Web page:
No need to register, everyone welcome. Smart Living Ballarat is a free monthly workshop series looking at all different topics around sustainable living. It is made possible through a partnership between BREAZE and the City of Ballarat.  Join your host, Ellen Burns, on the 3rd Wednesday of every month!

27 October, 10:15am - BREAZE TALKS ON RADIO 3BA Screen Shot 2023 10 09 at 2.54.15 pm


BREAZE Board member, Sue Broadway, will be talking about induction cooktops with Brett McDonald on Ballarat Today – don’t forget to tune in!


Sue has done quite a bit of research on the topic and is hosting our final Green Drinks talk for 2023 on 16 November, when former BREAZE President, Ian Rossiter will be giving a user’s perspective and what to look for when purchasing an induction cooktop. 

BOARD MATTERS

BREAZE Board member, Sally Missing, Coordinator of the Building Better Homes for the Future forums made a submission on behalf of BREAZE to the City of Ballarat’s Housing Policy, currently in review. The submission will be available on the BREAZE website when it is back online. A major system crash of our website platform, Joomla, in Texas, has left our site offline since early October. We apologise for the inconvenience and hope to have it back up soon.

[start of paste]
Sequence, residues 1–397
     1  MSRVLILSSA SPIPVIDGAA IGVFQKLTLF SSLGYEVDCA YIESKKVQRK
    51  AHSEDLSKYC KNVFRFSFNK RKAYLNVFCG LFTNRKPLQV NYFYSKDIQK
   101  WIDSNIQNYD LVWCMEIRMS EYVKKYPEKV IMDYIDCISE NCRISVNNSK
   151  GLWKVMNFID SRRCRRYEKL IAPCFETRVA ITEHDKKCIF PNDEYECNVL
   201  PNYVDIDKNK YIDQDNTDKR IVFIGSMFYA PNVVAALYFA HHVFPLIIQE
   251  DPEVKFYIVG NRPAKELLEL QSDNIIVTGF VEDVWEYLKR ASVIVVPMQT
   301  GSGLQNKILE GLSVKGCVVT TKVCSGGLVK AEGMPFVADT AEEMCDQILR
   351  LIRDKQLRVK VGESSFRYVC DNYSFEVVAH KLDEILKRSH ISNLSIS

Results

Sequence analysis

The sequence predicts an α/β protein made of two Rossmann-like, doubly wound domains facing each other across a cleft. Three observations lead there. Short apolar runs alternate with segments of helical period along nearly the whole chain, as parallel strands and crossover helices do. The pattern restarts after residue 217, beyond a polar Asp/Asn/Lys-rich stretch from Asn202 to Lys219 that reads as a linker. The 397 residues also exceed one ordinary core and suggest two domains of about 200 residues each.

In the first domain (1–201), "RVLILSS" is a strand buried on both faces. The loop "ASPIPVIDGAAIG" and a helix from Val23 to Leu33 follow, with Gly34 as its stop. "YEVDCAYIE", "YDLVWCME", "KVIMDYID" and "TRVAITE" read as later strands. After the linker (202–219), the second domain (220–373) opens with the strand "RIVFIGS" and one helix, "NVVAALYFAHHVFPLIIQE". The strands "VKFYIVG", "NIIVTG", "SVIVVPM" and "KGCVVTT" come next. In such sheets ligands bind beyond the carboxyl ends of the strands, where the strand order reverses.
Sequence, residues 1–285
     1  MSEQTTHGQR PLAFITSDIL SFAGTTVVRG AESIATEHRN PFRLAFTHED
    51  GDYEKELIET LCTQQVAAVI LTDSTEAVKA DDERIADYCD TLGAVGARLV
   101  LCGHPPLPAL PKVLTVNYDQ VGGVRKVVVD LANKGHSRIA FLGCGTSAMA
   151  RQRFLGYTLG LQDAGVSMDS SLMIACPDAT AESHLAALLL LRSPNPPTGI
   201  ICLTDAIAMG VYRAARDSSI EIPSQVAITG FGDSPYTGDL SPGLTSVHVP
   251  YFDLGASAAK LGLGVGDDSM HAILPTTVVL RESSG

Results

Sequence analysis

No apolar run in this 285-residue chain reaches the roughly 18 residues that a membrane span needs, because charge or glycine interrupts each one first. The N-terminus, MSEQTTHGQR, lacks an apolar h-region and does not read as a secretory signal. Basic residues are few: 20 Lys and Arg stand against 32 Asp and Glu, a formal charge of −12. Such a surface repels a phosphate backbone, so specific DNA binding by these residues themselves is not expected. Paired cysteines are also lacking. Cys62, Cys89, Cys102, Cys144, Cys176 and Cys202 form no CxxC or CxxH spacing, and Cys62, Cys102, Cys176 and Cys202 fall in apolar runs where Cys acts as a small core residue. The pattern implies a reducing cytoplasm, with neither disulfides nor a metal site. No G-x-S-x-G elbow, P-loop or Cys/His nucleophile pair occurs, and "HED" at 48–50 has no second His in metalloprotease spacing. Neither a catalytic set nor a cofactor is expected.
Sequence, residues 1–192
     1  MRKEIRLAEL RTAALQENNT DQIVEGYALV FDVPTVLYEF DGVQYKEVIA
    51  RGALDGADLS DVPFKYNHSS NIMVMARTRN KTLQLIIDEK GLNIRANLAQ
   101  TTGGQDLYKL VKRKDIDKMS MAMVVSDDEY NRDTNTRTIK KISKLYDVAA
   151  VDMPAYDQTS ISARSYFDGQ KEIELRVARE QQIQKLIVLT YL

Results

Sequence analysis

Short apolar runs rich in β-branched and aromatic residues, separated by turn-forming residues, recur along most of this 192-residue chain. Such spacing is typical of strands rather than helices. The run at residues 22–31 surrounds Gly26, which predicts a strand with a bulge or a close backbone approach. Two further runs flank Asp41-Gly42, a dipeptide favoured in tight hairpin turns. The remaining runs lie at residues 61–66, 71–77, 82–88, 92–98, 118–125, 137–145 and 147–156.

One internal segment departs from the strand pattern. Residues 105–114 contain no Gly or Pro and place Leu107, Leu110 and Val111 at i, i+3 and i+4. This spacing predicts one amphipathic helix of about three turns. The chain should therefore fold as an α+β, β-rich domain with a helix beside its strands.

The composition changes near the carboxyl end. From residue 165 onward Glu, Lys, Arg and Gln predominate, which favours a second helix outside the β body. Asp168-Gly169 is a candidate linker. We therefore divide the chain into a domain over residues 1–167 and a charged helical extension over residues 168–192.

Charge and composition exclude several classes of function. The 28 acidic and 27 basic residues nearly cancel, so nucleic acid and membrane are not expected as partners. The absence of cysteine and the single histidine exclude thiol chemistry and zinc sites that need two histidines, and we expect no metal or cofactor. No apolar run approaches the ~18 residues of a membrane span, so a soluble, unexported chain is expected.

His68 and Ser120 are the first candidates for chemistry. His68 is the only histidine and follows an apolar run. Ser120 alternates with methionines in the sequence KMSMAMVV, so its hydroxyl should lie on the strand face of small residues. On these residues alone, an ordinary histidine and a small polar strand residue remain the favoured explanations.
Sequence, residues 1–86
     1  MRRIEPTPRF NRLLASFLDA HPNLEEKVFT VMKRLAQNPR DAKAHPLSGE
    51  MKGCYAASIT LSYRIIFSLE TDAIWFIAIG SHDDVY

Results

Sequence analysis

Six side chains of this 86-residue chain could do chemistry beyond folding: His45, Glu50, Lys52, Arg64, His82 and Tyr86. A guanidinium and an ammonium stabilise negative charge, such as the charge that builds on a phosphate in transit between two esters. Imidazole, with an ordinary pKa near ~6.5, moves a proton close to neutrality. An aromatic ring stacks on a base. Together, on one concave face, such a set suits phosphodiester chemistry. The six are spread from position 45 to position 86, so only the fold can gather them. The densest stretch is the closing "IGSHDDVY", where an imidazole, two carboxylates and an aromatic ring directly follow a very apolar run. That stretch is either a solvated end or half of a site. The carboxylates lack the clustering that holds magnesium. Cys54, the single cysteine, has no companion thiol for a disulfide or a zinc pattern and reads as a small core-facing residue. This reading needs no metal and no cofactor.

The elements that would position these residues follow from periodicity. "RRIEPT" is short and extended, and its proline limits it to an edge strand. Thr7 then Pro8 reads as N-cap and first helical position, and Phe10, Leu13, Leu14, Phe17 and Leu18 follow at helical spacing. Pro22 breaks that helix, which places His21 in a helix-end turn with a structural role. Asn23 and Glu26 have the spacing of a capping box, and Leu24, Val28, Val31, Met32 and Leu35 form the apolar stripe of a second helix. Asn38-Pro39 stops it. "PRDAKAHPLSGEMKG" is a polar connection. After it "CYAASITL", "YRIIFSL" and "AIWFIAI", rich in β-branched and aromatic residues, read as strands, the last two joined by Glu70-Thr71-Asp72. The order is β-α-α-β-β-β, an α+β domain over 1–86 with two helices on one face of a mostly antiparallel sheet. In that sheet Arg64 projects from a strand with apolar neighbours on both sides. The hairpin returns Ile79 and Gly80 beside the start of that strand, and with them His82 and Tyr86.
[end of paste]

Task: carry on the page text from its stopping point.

BREAZE Inc. was recently invited by Re-Wiring Australia to be Expert Community Partner in their Electrify My Community program. We look forward to working with other communities and sharing experiences and resources with Re-Wiring Australia – the organisation founded by engineer and entrepreneur, Saul Griffiths, author of The Big Switch plus many other achievements.

BREAZE Inc. Board meetings are held on the third Monday of the month and alternate between Zoom and face to face meetings over dinner at the Royal Mail Hotel in Sebastopol. If you are a paid up member of BREAZE Inc. you are welcome to join us. If you would like to volunteer with us we would love to hear from you. Please email and I will forward you link/details. 

Mary

Dr Mary Debrett
President, October 2023

 
Tom Quinn FB post
 
 
At October Ballarat Green Drinks, local renewable energy consultant Tom Quinn, former Head of Policy and Research at climate think tank, Beyond Zero Emissions, gave the audience his insider's view on a multi-partner lobbying group endeavouring to boost the nation's chances of reaching clean energy super power status. Tom is currently leading combined work to secure a $100 billion Australian response to the US Inflation Reduction Act. Read about it in this article in The Guardian.